|Publication number||US4743466 A|
|Application number||US 07/058,306|
|Publication date||May 10, 1988|
|Filing date||Jun 5, 1987|
|Priority date||Jun 5, 1987|
|Publication number||058306, 07058306, US 4743466 A, US 4743466A, US-A-4743466, US4743466 A, US4743466A|
|Inventors||Henry J. Gysling, Joseph S. Yudelson|
|Original Assignee||Eastman Kodak Company|
|Export Citation||BiBTeX, EndNote, RefMan|
|Patent Citations (6), Non-Patent Citations (4), Referenced by (1), Classifications (20), Legal Events (5)|
|External Links: USPTO, USPTO Assignment, Espacenet|
This invention relates to a method of passivating or inhibiting the oxidative corrosion of iron and iron alloys and, more particularly, to a method of passivating iron particles used in magnetic recording and to a magnetic recording element containing such passivated iron particles.
Magnetic recording tapes, disks and cards comprise a non-magnetic base such as a polyester or polycarbonate film on which is coated a magnetic layer composed of ferromagnetic particles dispersed in a binder resin.
Although iron oxide particles were used in the earlier magnetic tapes and ferric oxide is still commonly used, metallic iron particles offer important advantages for high energy or high density magnetic recording materials. Metallic iron particles have higher magnetizations than ferric oxide, they can be made smaller than oxide particles without risking paramagnetization and their coercivity is high. Unfortunately, the metallic particles are highly reactive with oxygen and moisture and will quickly corrode when exposed to air and moisture and the recording properties will deteriorate. Numerous attempts have been made to provide coatings to protect against oxidative corrosion, but all have drawbacks. A need has existed for a better method of protecting iron and iron alloys in general against corrosion and especially for a method that can be employed in the manufacture of recording materials which have a coated magnetic layer of iron or iron alloy particles dispersed in a binder resin.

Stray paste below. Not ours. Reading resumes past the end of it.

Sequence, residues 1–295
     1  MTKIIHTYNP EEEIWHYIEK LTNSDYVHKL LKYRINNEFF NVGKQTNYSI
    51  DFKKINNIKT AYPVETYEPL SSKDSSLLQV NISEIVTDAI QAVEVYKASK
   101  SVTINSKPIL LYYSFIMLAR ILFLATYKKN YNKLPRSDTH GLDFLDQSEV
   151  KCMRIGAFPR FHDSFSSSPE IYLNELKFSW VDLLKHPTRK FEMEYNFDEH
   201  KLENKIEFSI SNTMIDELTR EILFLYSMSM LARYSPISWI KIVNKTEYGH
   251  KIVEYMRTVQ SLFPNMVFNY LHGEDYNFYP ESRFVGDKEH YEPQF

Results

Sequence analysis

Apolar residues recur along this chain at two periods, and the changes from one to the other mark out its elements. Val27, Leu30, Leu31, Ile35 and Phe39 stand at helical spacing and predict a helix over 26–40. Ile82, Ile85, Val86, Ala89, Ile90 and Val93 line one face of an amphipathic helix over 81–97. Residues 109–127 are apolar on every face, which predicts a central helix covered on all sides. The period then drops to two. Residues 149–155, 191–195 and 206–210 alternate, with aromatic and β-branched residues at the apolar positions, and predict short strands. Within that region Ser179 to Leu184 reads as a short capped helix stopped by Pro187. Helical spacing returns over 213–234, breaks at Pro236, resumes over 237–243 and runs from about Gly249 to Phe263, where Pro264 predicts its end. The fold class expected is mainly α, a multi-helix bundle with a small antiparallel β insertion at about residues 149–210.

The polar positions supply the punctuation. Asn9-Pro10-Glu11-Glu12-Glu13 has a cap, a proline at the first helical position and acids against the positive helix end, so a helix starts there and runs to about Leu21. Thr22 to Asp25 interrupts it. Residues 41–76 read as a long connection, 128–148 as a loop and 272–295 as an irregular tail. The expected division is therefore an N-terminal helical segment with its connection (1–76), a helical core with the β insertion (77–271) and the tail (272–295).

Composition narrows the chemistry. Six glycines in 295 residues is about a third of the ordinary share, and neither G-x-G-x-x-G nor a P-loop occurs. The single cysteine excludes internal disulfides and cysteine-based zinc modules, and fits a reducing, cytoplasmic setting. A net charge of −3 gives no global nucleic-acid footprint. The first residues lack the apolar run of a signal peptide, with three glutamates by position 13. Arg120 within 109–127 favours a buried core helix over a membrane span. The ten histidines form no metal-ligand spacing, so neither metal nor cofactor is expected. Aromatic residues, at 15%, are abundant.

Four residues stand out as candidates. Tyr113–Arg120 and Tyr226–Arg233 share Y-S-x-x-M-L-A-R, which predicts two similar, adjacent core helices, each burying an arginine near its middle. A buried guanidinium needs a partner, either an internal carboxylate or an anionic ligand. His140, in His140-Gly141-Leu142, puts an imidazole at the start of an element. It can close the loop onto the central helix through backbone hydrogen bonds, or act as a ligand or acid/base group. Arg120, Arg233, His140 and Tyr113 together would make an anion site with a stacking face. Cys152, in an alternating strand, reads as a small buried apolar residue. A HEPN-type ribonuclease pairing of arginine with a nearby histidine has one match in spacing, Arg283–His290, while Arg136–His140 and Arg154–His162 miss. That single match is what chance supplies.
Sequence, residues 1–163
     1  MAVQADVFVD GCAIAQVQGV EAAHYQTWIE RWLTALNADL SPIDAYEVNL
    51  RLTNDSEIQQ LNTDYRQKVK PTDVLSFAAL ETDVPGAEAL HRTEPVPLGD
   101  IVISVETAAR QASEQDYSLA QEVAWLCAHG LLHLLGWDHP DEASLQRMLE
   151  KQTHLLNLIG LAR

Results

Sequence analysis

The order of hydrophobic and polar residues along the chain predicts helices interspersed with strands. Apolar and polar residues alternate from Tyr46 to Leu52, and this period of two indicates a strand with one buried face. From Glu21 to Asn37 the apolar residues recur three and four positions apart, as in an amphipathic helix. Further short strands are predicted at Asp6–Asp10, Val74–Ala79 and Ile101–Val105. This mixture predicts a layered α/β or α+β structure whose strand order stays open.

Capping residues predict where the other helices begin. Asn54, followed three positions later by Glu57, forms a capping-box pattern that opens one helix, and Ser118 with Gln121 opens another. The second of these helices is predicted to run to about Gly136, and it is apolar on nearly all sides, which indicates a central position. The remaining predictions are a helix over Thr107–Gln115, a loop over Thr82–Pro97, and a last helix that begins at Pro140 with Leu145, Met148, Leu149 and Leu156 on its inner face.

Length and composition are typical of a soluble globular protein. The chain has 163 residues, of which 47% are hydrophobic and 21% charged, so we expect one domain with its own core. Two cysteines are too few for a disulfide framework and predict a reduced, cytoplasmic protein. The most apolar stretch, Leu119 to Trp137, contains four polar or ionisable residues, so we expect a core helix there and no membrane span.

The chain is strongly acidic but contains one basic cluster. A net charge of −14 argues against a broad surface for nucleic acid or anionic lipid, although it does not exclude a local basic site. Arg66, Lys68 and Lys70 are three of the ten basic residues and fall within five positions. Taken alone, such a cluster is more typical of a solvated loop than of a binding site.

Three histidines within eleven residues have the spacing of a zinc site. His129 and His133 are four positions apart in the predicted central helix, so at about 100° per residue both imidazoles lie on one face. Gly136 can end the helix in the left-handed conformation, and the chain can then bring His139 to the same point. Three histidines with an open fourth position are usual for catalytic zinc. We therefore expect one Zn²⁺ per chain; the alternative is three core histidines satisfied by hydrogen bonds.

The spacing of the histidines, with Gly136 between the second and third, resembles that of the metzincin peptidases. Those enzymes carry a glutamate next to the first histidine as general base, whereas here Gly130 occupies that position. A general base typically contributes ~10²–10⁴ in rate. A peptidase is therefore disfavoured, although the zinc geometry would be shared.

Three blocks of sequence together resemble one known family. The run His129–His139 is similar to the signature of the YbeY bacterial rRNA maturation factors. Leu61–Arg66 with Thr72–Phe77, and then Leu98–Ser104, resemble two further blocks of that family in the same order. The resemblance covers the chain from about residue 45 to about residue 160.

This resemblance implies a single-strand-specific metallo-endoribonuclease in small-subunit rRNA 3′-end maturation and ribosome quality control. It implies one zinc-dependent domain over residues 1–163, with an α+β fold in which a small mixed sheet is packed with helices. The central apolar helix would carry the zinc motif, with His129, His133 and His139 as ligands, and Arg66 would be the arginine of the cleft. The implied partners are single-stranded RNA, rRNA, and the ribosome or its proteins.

The present invention provides a method for passivating or protecting metallic iron and iron alloys against oxidative corrosion. The method of the invention comprises treating the iron or iron alloy with an organic liquid solution of a salt of the bis(triphenylphosphoranylidene)ammonium cation and a non-corrosive, passivating anion. In preferred embodiments the iron or iron alloy is in the form of finely divided magnetic particles dispersed in a resin binder and the anion is the nitrite ion.
The invention also includes a magnetic recording element comprising a support on which is coated a layer which comprises a binder resin, iron particles and a salt of the bis(triphenylphoshoranylidene)ammonium cation with a non-corrosive, passivating anion.
The salts used in the present method are known substances, but have not heretofore been suggested as iron passivating agents. The cation of the salt, which herein is called bis(triphenylphosphoranylidene)ammonium ion, is also known by other names such as bis(triphenylphosphine)iminium ion and μ-nitrido-bis(triphenylphosphorous) (1+). It is also commonly referred to by the abbreviation PPN, as in the paper by R. E. Stevens et al, J. Am. Chem. Soc., (1981), 103, 4981-82, and can be represented by the formula, (Ph3 P)2 N+.
We have found that salts of this cation with a non-corrosive, passivating anion, such as nitrite and others are unexpectedly valuable passivating agents for iron and its alloys and especially for iron particles in the manufacture of magnetic recording materials. It is known that the surfaces of iron particles can be stabilized against further oxidation by building up an oxide layer which renders the iron passive or resistant to corrosive reactions. Treatment with oxidizing anions such as nitrites and chromates will make this oxide layer more passive and resistant to physical damage which would cause the iron surface to begin corroding. The use of inorganic nitrites and chromates for such corrosion protection is known. See U.S. Pat. Nos. 2,419,327; 2,432,840 and 2,432,839. Inorganic nitrites are impractical for many purposes, however. For example, if the iron is to be coated with a protective resin coating the inorganic salts are incompatible with the organic coatings.